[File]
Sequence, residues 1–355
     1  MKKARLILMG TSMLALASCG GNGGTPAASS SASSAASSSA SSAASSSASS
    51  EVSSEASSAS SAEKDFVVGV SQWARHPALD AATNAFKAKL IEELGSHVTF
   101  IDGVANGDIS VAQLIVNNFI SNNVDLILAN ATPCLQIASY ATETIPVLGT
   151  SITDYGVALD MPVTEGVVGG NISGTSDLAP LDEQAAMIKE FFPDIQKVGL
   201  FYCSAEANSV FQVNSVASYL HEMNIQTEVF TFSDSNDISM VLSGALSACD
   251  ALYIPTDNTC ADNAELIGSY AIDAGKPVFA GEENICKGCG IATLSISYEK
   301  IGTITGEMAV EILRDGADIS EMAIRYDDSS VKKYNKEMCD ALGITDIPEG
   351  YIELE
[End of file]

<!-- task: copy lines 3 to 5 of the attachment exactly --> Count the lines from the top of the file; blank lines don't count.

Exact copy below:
    51  EVSSEASSAS SAEKDFVVGV SQWARHPALD AATNAFKAKL IEELGSHVTF
   101  IDGVANGDIS VAQLIVNNFI SNNVDLILAN ATPCLQIASY ATETIPVLGT
   151  SITDYGVALD MPVTEGVVGG NISGTSDLAP LDEQAAMIKE FFPDIQKVGL